how We Deliver
Catalyzing Breakthroughs: The SRM

Addressing unforeseen threats and opportunities with the Strategic Response Mechanism

Unforeseen threats to indigenous and community land rights can arise quickly and require rapid action to be countered effectively. Just as rapidly, critical windows of opportunity to secure rights can appear–and if not seized, can easily be lost.

The Strategic Response Mechanism (SRM) is designed to enable timely, flexible responses to these unforeseen opportunities and threats. It complements RRI’s annual planning process by allowing for rapid response to unexpected and time-limited opportunities. Up to US$100,000 can be dispersed to grantees in as quickly as a few weeks, allowing Rights and Resources Initiative (RRI) to be effective in shifting political landscapes.

Since 2008, RRI has used the SRM to influence important legislation concerning land and resource rights, such as supporting civil society efforts to ensure passage of groundbreaking legislation that recognizes community land rights in Liberia. SRM projects have also been used to effectively respond to urgent threats, such as resisting the expansion of an oil palm company’s operations on indigenous lands in the Peruvian Amazon, as well as overturning a judicial ruling that had revoked traditional land rights from forest communities for the development of a superhighway in Nigeria. The SRM has also helped maximize opportunities to influence the private sector toward respecting local communities’ rights to their lands and resources.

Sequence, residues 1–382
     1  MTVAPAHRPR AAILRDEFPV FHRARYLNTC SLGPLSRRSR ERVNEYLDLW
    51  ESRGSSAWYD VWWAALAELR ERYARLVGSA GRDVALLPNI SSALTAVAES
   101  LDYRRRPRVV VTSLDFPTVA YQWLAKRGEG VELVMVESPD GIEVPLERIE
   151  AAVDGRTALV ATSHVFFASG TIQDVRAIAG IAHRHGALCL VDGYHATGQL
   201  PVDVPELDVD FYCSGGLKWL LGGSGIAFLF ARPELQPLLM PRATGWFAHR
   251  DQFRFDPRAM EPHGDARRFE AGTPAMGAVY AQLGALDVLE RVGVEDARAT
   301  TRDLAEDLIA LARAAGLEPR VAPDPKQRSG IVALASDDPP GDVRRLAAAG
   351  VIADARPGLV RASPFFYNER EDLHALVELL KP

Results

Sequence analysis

Selection Criteria

SRM proposals are evaluated and approved through a simple, expedited process. In order for an activity or project to qualify for SRM support, the activity must meet all five criteria:

  • Capitalizes on a political window of opportunity, which is typically lost if not leveraged quickly
  • Supports a critical moment in a social mobilization process
  • Innovates, exploits higher risk opportunities, and has potential to accelerate impact or develop RRI partnerships
  • Is a new or newly-expanded activity
  • Has outcomes dependent on incremental funding and connectivity at the right moment

Search and view all past SRM projects below.

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Support to Develop Sustainable Forest Management Standard in Community Forestry

Date 2021 - 2022

Country Nepal

Implementor GFN (Green Foundation Nepal)